As India Auto Inc gears up to tackle the growing challenge of up-skilling a large portion of its current manpower that is deemed unfit to adapt to the futuristic systems and tools of the modern-day shopfloor, the roles of skilling institutions, industry and government initiatives are of utmost importance in developing a stronger workforce ready to take on tomorrow.
Armed with essential know-how and technical skills to master the art of manufacturing, repair as well as managing different operations across the automotive value chain, these re-skilled workers will then power industry and the nation through a global transition that is engulfing all walks of life, given the accelerated advancements in technology.
With automation in the industry is on the upswing from full-scale robotics to collaborative robots and more, there are fears of blue-collared jobs being under the threat of technology. According to Nikunj Sanghi, president, Automotive Skill Development Council (ASDC), “It is definitely going to be a concern area. In fact, the draft E&Y report commissioned by ASDC has it that there will be some amount of job losses coming in because of automation. However, certain new things like AI and robotics will create new perspectives of employment as well.”
Sanghi also talks about a lot of up-skilling required to keep people relevant and says that industry should not look at retrenchments but try up-skilling people to keep them employable and a part of the ecosystem. Sanghi has made quite a difference after taking charge at ASDC in September 2017. “The ASDC is engaging with industry a lot better now compared to what it was doing some two years ago. There’s a day-and-night difference,” claims Sanghi.
“With Hyundai, Tata Motors, Mahindra, Hero MotoCorp, Honda Cars, Toyota, Bosch, Sandhar and now Minda, across the board, we have done a lot of industry tie-ups over the past year. We have also created ‘Expert Groups’ within ASDC,” he adds.
The two most crucial expert groups in ASDC — sales and aftersales — see representation from OEMs of all vehicle segments. “The members of these groups are presently doing an exercise on national occupational standards (NOS) and quality packages (QPs), and are reviewing current job profiles, as well as amalgamating and updating different job roles to streamline dealership operations. We plan to finish this exercise before end-FY2020. The updated standards will be sent to the government for validation and approvals, and after that validated by a team of minimum 60 dealerships across India. Only then will a concrete change be brought about,” he explains.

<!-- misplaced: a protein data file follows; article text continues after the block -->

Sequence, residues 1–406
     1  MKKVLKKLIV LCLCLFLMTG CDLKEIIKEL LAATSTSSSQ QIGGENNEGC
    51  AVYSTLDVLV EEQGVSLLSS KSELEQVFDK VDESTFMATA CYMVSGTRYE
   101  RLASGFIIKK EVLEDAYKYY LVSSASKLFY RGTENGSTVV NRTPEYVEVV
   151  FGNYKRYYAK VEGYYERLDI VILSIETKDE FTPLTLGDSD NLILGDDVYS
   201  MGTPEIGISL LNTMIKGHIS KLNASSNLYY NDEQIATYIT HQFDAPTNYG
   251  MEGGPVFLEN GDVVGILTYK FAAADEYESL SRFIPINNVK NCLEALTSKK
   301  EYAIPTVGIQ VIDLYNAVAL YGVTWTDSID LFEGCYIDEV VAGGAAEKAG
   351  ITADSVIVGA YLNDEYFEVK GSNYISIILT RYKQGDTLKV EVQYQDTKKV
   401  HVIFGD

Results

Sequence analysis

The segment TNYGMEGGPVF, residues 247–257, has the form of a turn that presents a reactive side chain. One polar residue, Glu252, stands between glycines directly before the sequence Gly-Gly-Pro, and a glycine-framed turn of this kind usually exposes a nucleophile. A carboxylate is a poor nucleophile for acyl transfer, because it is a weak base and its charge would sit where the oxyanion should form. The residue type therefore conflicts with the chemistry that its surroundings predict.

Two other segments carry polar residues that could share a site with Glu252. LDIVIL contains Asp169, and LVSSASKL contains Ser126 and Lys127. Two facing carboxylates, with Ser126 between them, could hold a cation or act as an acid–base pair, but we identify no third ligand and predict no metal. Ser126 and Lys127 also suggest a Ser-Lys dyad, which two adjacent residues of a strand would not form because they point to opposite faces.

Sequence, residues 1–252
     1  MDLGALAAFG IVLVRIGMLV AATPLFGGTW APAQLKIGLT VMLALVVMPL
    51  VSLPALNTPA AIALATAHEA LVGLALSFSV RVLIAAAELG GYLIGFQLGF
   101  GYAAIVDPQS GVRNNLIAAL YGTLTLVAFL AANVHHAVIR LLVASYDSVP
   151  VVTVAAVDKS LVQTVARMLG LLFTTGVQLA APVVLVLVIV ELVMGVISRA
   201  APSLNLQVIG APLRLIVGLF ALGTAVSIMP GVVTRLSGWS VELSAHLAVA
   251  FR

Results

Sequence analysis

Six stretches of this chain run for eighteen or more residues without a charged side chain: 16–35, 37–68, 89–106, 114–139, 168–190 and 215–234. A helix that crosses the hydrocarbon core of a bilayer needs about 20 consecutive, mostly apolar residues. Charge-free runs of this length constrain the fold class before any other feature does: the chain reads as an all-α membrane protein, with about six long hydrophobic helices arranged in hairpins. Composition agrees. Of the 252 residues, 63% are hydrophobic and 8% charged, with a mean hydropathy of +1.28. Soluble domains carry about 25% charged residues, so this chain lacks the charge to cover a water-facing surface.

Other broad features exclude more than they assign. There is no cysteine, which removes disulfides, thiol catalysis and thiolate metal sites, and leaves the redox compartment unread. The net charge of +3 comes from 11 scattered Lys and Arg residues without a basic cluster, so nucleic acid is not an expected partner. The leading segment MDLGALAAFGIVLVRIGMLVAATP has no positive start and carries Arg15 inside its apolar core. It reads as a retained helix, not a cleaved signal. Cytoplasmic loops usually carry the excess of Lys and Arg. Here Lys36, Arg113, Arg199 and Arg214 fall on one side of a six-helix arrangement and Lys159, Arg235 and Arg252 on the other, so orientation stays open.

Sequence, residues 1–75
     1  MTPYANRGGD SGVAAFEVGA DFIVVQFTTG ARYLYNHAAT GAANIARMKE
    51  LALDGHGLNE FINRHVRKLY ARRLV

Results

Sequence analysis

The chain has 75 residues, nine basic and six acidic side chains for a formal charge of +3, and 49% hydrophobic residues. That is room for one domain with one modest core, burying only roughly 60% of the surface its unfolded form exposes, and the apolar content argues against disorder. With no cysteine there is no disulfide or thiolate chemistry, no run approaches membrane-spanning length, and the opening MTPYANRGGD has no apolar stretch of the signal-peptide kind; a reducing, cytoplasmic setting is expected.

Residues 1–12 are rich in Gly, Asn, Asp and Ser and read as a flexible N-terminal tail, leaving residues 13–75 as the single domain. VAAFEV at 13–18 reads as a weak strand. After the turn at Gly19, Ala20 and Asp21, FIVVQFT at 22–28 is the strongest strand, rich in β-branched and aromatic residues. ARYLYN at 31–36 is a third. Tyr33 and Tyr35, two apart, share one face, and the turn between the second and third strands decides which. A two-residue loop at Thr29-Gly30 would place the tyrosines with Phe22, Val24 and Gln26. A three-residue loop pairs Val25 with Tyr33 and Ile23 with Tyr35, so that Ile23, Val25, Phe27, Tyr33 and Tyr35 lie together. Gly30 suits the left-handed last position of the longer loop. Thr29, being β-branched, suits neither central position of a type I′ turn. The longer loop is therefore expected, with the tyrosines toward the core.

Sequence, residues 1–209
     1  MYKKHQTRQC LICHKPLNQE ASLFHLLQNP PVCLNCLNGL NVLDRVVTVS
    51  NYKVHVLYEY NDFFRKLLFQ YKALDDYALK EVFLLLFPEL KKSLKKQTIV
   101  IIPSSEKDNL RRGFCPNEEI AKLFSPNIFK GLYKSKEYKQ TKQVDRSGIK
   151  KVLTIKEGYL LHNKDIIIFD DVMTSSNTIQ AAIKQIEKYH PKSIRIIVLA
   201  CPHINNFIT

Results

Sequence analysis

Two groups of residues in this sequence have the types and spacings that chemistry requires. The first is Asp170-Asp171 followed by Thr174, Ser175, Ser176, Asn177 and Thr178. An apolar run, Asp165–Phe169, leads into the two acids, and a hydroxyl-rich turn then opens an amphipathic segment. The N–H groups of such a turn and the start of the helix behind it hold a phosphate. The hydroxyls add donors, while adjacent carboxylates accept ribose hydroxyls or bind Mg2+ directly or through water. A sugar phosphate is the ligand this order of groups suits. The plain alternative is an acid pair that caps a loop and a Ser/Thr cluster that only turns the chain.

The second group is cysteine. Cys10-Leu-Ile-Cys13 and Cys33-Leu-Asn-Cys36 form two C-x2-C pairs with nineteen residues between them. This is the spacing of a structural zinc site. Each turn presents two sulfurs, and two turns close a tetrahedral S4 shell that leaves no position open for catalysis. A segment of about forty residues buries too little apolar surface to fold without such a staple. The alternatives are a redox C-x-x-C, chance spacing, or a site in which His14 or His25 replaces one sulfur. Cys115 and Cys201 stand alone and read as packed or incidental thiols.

ASDC also has expert groups with industry representation on manufacturing and R&D as well, which is more towards catering to the needs of OEMs and ancillaries. “The most critical aspect of ASDC is to oversee that the industry is working collectively on this exercise,” says Sanghi.
Leveraging tech in curriculum and assessment
The skilling council is actively leveraging technology in terms of curriculum and assessment of students. “We are leveraging technology in a huge way and putting it in every sphere in which ASDC is working. After much deliberation, we have been able to sign a MoU with TCS Ion, which is into providing assessment and training services, and has developed a digital platform to assess both trainers and students, without any human intervention. This is one very big step that we have taken and it took 18 months to on-board TCS Ion, with no money being put into the project from either ASDC or the government. Close to 10,000 pilot assessments have been done so far in the system,” reveals Sanghi.
TCS is also creating a digital learning hub wherein a lot of the content is being uploaded, part of which will be free to download and part made available at a very nominal cost. The third technological intervention that ASDC is making is creating a listing platform where all employers can upload their future requirements in every geographical location, along with a number of vacancies. All this information will be available to the training partners who are today giving random training.
“Thus, they will in future be able to better judge which course would fetch better demand from industry and make the platform act as an exchange between students and employers,” explains Sanghi. “The platform should be complete by end-January 2020, but the challenge would be to build trust with industry regarding supply of well-trained manpower,” he adds.
Government does a rethink on short-term skilling
According to Sanghi, “The government is slowly realising that skilling cannot be done through short-term courses. These are not good enough for the industry. Instead, the future of skilling is through apprenticeships. Under the National Apprenticeship Programme, the government is encouraging industry to on-board skilled workmen as apprentices for a minimum period of 12-18 months to impart the requisite training. The government is taking care of these students by offering Rs 1,500 per month as stipend. This is being rolled out through NSDC and each of the sector skill councils. This is when actual skilling will start happening in India,” he concludes.
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